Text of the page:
County school children get a lesson on bullying

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It was a sobering moment when the Colusa County District Attorney’s Enforcement Officer, Cindy DeWoody, asked if Arbuckle Elementary 3rd, 4th, and 5th graders had access to the Internet or social media platforms including Facebook, Instagram, and Snapchat. Nearly the entire room raised their hands.

“It’s scary, isn’t it,” said the County’s Sheriff School Resource Officer, Leanne Knutson.

DeWoody urged students to take responsibility for their virtual presence, online safety, and digital actions.

Making her way across the county, DeWoody has provided both student and parent presentations at Arbuckle, Colusa, and Maxwell.

“This is an important topic to be discussed with parents and their students,” said Deputy Knutson.

Although attendance was bleak countywide, officials commented they were happy parents attended.

“We had about 35 parents attend one of our parent presentations, and most all the parents were shocked this was happening in their own county,” said Arbuckle Elementary School Principal Summer Shadley.

Announcements for the parent presentations were made through fliers sent home and on the schools’ Facebook pages.

DeWoody provided age-appropriate activities and explored the meanings of bullying, and its consequences.

“Bullying is unwanted, mean behavior towards someone else,” said DeWoody in her presentation. “There are several types of bullying, including verbal, social, and  physical bullying.”

DeWoody added there is a specific type of bullying happening more frequently.

“If you say something mean to somebody else using any electronic device, a cell phone, an iPad, iPod, tablet, a gaming device, or a computer, it is called Cyber Bullying,” said DeWoody.

DeWoody explained that bullying is a criminal offense and is taken seriously.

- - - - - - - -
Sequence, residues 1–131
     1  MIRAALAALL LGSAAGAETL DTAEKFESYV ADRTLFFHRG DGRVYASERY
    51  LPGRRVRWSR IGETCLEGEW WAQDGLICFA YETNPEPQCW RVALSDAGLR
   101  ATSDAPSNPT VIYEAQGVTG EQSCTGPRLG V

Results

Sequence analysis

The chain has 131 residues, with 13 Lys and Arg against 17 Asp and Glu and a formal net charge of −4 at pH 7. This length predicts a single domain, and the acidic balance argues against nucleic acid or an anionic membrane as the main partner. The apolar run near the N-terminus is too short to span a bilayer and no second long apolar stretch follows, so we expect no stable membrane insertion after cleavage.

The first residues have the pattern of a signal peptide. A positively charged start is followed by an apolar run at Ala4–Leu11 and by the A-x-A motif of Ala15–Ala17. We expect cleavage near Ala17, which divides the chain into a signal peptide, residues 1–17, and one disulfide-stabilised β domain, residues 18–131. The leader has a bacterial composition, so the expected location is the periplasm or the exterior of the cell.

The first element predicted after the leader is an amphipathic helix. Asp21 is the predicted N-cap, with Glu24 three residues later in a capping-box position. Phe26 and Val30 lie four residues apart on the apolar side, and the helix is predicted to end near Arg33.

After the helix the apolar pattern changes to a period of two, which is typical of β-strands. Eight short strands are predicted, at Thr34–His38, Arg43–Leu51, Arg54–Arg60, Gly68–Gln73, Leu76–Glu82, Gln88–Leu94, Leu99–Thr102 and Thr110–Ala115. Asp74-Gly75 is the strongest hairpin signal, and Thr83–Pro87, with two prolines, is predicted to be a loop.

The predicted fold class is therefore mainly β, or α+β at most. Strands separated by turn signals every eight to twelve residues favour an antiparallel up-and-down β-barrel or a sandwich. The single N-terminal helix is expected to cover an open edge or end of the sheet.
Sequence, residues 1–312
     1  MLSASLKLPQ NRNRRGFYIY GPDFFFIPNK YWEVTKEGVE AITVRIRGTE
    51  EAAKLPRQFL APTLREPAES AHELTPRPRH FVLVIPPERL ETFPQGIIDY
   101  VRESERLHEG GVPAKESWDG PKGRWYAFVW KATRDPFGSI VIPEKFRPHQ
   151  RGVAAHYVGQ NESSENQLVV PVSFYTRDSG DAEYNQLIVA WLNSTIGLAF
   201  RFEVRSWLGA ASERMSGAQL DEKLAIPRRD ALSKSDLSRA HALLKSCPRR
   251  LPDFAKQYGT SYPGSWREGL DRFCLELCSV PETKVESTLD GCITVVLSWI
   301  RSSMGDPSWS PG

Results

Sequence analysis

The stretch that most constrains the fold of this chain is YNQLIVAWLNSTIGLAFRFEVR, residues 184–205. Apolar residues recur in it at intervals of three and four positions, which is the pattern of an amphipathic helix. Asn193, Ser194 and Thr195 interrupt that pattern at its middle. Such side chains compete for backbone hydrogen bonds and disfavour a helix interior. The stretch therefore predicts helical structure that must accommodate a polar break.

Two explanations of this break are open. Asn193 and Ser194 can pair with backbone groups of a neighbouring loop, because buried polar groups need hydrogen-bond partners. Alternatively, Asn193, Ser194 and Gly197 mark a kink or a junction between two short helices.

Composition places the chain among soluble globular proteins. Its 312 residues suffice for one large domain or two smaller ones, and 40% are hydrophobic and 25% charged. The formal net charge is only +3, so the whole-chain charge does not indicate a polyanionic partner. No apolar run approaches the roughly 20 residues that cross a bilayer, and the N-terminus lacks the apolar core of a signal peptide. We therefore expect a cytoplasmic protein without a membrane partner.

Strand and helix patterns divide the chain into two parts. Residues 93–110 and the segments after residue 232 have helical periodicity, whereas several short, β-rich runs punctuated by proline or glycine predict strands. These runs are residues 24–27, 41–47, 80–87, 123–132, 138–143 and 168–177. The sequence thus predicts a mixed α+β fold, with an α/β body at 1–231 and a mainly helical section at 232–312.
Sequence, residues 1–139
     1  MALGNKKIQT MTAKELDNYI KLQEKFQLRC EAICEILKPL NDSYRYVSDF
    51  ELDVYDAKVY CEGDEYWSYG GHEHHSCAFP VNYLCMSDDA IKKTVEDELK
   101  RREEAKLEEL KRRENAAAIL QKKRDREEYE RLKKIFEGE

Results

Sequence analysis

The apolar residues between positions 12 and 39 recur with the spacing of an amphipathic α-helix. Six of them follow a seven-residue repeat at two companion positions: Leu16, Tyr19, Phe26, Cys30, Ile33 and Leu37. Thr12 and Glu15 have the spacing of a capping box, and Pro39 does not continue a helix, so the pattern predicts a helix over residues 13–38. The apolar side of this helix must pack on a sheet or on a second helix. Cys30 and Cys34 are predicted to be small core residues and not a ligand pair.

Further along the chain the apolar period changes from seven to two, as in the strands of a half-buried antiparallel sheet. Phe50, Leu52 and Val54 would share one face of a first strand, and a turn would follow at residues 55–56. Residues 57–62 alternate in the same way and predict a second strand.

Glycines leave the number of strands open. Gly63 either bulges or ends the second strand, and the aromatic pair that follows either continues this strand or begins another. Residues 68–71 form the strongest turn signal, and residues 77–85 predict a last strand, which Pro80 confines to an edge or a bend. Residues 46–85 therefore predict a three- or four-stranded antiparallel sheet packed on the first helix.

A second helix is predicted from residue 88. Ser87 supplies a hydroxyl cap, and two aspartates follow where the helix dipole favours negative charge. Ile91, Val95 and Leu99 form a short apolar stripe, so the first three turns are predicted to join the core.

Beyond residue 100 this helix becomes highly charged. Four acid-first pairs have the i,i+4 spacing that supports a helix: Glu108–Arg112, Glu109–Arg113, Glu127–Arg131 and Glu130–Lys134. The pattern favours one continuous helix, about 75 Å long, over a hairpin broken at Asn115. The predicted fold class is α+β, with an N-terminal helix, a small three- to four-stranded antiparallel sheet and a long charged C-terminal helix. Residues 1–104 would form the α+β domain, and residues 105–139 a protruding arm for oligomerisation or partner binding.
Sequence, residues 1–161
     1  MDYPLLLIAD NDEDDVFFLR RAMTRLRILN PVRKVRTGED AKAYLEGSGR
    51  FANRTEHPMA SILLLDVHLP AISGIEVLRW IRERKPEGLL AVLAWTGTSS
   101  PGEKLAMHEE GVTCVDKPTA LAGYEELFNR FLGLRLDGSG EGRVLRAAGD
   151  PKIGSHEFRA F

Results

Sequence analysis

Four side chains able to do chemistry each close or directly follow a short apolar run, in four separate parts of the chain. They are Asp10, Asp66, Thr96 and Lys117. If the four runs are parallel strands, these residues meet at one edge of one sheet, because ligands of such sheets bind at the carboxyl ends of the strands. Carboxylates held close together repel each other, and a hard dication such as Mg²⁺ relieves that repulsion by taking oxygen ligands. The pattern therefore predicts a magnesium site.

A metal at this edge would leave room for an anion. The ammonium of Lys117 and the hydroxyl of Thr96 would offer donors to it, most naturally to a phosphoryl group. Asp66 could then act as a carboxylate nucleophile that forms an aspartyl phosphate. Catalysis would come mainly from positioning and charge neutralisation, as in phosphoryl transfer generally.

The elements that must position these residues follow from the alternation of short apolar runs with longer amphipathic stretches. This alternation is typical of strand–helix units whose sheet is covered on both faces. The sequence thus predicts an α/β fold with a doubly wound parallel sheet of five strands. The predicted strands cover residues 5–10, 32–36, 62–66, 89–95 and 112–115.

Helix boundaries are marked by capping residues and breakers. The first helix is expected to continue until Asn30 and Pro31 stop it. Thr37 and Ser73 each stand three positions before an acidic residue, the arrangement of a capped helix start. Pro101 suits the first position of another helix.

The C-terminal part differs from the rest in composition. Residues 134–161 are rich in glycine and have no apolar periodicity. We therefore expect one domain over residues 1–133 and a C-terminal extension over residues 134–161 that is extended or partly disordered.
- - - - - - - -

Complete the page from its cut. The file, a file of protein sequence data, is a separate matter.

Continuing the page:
“Bullying is a type of child abuse, and we take each case seriously,” said DeWoody. She added that cases of bullying can often lead to consequences with the school, at home, and with the law.

“If the bullying is serious enough you will have to go to court and explain to a judge on why you thought you should bully someone,” said DeWoody.

DeWoody explained using electronic devices are a privilege and not a right and can be revoked at anytime by school officials, their parents and law enforcement.

Anti bullying presentation

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“A judge, or your parents can prohibit you from using electronic devices if they feel you are not responsible enough to use these devices,” said DeWoody.

She urged students to stand up against bullying and to report any bullying they see.

“I think this is an awesome opportunity that the District Attorney’s Office as provided for the students,” said Shadley. “I believe all students should be exposed to the content in the presentation, because we are living in a world of social media and technology.”

Shadley commented that schools across the nation are seeing an increase in cyber bullying.

“Cyber bullying is something that hasn’t been taught in schools and students need to know the consequences,” said Shadley.

“We ask that you stop the bullying. We want your generation to not tolerate it and say ‘enough is enough, I am going to stop it.’” said DeWoody.

Lloyd Green Jr, Editor
Lloyd Green Jr. is the Owner and Publisher of the Williams Pioneer Review. He is dedicated in publishing the news and informing the community of Colusa County. Lloyd has been with the publication since 2008, and purchased the business in 2010. Under his ownership the newspaper has grown significantly in subscriptions, publishes weekly, and obtained the title of Newspaper of General Circulation by the Superior Court of Colusa County in Sept. 2007. Lloyd is also the director of advertising, classified manager, legal notice clerk, and circulation manager. To contact Lloyd, email him at or call (530) 458-4141 ext. 100.